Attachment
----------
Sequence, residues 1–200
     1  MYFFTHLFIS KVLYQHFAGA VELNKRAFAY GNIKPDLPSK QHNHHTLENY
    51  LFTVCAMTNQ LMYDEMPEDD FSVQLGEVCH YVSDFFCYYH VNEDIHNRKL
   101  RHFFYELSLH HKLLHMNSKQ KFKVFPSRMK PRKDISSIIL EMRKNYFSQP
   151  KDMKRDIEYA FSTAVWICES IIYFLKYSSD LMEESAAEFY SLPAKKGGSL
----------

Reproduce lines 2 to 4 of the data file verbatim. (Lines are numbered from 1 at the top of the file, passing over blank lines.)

     1  MYFFTHLFIS KVLYQHFAGA VELNKRAFAY GNIKPDLPSK QHNHHTLENY
    51  LFTVCAMTNQ LMYDEMPEDD FSVQLGEVCH YVSDFFCYYH VNEDIHNRKL
   101  RHFFYELSLH HKLLHMNSKQ KFKVFPSRMK PRKDISSIIL EMRKNYFSQP